U.K. Environment Agency Bans Short Air Trips for Staff

U.K. Environment Agency Bans Short Air Trips for Staff

[Editor's Note: This article originally appeared on BusinessGreen.com, and is reprinted with permission.]

The Environment Agency has become the first government-backed body to effectively ban staff from taking domestic and short-haul flights wherever there is a lower-carbon alternative.

The agency said it has already reduced business car mileage by 24 percent over the past four years, but has now moved to beef up its green travel policy by barring staff from taking flights within England and Wales, or to destinations in Northern Europe served by Eurostar.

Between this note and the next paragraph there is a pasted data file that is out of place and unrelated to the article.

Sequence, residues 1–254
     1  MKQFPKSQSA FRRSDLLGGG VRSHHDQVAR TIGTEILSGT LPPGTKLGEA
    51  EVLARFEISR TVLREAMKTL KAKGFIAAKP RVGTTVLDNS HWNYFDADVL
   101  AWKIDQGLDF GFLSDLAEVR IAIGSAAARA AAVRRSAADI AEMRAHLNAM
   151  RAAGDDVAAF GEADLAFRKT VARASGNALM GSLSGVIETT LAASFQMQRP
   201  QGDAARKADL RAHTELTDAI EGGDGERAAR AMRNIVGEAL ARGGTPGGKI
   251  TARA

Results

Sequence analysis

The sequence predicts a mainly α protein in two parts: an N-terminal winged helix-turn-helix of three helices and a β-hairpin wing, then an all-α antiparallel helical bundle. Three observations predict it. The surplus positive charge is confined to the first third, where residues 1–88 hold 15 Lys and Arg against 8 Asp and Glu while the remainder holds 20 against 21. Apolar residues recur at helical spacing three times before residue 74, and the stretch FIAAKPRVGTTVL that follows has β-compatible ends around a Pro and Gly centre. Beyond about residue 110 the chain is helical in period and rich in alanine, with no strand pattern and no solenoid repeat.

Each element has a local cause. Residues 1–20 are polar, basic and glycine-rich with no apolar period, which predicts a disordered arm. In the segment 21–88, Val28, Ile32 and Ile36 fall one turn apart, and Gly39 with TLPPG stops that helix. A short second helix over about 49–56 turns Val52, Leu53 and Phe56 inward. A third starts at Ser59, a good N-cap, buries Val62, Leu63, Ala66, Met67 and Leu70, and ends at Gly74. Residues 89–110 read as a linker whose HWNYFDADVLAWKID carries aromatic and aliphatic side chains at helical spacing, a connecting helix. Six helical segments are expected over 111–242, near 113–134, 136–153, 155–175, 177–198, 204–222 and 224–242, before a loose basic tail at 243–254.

The policy, which came into effect from the start of June, is expected to cut the agency's annual carbon emissions by about 30 tonnes a year.

A spokesman for the agency told BusinessGreen.com that the ban could be temporarily lifted in exceptional circumstances, such as serious pollution events that require officials to reach a site as quickly as possible, although he insisted it would be vigorously enforced at all other times.

"Staff have been very supportive of the move," he said. "It just means that people have to plan ahead a bit more to ensure they get the best price for rail tickets or consider using teleconferencing where appropriate."

He added that the Environment Agency was hopeful that other government departments would follow its lead and cut back on domestic flights wherever possible.

The government has been criticized in the past for its use of domestic and short-haul flights, with the Department of Energy and Climate Change in particular facing questions over the fact that civil servants took more than 1,000 domestic flights last year.